Bottle of Vieux Marc, Glass, Guitar and Newspaper is a small papier collé by Pablo Picasso, produced in 1913. It depicts a series of objects and paper fragments clustered on a table, the oval edge of which has been loosely drawn in the lower right of the composition. The abstracted forms of a guitar, glass and bottle of wine cut from white, grey and black coloured papers are juxtaposed with drawn lines indicating other elements of each object’s shape. The word ‘Vieux’, handwritten on the bottle’s neck, is partly obscured by, and overlaps, the black forms. Two pieces cut from the same newspaper Le Figaro – including the masthead – are pasted at right-angles towards the centre. Fragments of two embroidery transfer motifs extend the arrangement towards the edges of the paper. The objects are shown from several perspectives: while the guitar and table appear to be seen from above; the bottle and glass are shown from the side. The light blue support is faded and its edges are irregular.
The work was made in 1913 either in Céret in the French Pyrenees or in Picasso’s new studio on boulevard Raspail in Montparnasse, Paris, where he produced numerous other paper collage pieces with the artist Georges Braque between 1912 and 1913. This period marked a departure for both artists from their experiments with cubist painting. While Braque used imitation wood-grain paper in his images, Picasso introduced newspaper into his. In Bottle of Vieux Marc, Glass, Guitar and Newspaper abstracted elements are brought together to form a harmonious still life, although the text on the largest newspaper fragment stands out. According to art historian Brandon Taylor, by early 1913 Picasso ‘had become adept at sprinkling his papier collés with references to all kinds of great and small events – wars and catastrophes on a global scale right down to the petty but heart-rending fait divers’ (Taylor 2004, p.20). The citation of particular events and their rearrangement in the papier collés could be seen as an attempt by the artist to represent the realities of the modern city through a new medium. However, the use of ‘real’ fragments of paper extended the language of cubism and led to images that were ‘not only to be conceptual recreations of reality but also to be in themselves additions to that reality’ (Douglas Cooper, The Cubist Epoch, London 1994, p.183). Picasso stated that the purpose of the alternate realities offered by the papier collé medium was:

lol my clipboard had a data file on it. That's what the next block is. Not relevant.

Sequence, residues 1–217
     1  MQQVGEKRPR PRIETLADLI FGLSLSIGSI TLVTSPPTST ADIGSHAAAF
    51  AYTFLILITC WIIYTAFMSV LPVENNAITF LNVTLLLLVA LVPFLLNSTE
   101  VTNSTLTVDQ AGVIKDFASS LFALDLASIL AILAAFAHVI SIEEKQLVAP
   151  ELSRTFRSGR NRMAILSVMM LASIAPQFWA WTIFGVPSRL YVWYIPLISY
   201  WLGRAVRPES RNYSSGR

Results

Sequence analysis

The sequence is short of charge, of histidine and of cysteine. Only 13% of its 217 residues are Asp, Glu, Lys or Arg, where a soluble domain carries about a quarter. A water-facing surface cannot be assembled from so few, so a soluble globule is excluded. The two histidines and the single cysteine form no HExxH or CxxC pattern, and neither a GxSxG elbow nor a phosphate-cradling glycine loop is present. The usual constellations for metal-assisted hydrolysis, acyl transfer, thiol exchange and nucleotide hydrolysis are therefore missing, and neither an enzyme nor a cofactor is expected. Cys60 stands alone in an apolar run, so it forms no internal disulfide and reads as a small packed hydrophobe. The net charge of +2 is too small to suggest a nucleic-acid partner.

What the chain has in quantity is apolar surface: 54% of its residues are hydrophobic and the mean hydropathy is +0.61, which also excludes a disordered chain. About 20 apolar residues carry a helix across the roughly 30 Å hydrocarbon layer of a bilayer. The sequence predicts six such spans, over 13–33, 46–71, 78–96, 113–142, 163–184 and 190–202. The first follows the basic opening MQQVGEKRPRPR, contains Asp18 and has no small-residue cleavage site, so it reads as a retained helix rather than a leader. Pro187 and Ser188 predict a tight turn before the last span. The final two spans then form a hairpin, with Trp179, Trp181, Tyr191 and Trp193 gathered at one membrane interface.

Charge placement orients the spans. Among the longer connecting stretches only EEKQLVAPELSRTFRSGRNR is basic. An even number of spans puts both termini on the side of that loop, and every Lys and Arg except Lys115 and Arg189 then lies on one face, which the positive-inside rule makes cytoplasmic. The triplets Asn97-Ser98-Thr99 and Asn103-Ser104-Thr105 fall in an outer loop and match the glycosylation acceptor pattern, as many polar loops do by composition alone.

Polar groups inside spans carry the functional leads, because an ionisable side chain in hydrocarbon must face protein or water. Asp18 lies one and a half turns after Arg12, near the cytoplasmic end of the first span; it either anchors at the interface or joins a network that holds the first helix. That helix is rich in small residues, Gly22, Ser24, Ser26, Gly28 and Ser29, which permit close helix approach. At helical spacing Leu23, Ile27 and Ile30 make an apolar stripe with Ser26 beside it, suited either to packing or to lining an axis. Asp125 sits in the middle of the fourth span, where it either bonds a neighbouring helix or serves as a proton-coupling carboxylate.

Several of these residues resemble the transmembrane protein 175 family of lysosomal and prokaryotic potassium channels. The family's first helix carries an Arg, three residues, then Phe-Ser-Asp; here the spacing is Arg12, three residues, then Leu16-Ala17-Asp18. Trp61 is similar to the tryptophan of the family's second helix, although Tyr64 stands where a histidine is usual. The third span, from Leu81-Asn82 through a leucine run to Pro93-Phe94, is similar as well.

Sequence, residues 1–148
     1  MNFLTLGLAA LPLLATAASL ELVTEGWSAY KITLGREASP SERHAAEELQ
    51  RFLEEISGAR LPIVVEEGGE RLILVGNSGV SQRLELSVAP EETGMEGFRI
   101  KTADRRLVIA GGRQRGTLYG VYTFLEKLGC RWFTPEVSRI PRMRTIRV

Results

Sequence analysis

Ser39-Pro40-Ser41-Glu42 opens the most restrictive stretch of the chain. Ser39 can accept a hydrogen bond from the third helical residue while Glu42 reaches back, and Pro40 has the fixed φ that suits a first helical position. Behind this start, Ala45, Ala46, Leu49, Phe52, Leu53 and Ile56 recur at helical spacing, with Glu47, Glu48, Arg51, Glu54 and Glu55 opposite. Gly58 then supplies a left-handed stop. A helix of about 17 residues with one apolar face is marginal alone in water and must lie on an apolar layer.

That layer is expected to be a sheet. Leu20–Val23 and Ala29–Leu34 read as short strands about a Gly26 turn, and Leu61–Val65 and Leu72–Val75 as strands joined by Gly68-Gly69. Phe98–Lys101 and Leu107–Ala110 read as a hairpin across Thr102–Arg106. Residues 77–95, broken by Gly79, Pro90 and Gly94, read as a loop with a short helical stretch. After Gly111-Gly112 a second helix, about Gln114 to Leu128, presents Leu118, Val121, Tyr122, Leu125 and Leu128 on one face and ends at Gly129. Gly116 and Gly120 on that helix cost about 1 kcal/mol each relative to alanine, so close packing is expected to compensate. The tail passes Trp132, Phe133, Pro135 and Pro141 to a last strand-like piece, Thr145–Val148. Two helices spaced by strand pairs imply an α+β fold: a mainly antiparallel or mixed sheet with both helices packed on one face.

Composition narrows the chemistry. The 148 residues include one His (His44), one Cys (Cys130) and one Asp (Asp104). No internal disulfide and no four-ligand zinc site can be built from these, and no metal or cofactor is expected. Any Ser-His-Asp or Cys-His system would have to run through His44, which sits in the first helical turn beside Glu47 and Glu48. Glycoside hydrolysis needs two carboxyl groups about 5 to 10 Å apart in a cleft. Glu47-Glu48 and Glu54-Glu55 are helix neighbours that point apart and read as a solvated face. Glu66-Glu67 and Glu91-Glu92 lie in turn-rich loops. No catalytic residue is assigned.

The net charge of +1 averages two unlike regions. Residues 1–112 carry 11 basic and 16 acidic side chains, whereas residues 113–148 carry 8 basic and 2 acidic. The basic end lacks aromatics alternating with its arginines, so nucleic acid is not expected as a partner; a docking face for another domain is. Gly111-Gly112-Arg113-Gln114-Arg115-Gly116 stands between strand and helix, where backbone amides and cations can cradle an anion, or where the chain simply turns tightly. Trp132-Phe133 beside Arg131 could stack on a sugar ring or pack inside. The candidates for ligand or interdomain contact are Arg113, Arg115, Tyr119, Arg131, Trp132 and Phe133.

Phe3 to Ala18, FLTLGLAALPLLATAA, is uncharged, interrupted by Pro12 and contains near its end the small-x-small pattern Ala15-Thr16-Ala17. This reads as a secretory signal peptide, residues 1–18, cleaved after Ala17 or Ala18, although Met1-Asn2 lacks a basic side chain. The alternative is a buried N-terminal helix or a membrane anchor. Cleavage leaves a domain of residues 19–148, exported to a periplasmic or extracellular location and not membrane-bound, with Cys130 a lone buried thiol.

To give the idea that different textures can enter into a composition to become the reality in the painting that competes with the reality in nature. We tried to get rid of ‘trompe l’oeil’ to find a ‘trompe l’espirit’… If a piece of newspaper can become a bottle, that gives us something to think about in connection with both newspapers and bottles, too. This displaced object has entered a universe for which it was not made and where it retains, in a measure, its strangeness. And this strangeness was what we wanted to make people think about because we were quite aware that the world was becoming very strange and not exactly reassuring.
(Quoted in Marjorie Perloff, Avant-Garde, Avant Guerre and the Language of Rapture, London 2003, p.44.)
In October 1912 Picasso wrote to Braque: ‘I am in the process of reimagining a guitar’ (quoted in Taylor 2004, p.20). Viewed in this context Bottle of Vieux Marc, Glass, Guitar and Newspaper is an experimental piece, aiding visual and material explorations of everyday objects. As art historian Robert Rosenblum has demonstrated this work belongs to a group of closely linked papier collés produced in spring 1913 (Rosenblum 1971, p.605). Guitar, Wineglass, Bottle of Vieux Marc 1913 (Musée Picasso, Paris), for example, is strikingly similar to Bottle of Vieux Marc, Glass, Guitar and Newspaper in composition. Images such as this mark the transition from analytical cubism – which primarily consisted of paintings that broke up a single view into a fragmentary composite – to synthetic cubism, which saw artists layering fragments of paper and objects to represent space in a two-dimensional picture. Despite these differences, vestiges of analytic cubism remain in the use of text and the muted palette. Picasso and Braque’s collages have conceptually and stylistically influenced artists working in movements such as futurism, surrealism and pop art, and as Taylor writes ‘cubist papier collé … would become international modernism’s most elegant and fertile style’ (Taylor 2004, p.21).
Robert Rosenblum, ‘Picasso and the Coronation of Alexander III’, Burlington Magazine, vol.113, no.828, October 1971, pp.604–8, reproduced p.607.
Christine Poggi, In Defiance of Painting: Cubism, Futurism, and the Invention of Collage, New Haven 1992.
Brandon Taylor, Collage: The Making of Modern Art, London 2004.
Supported by Christie’s.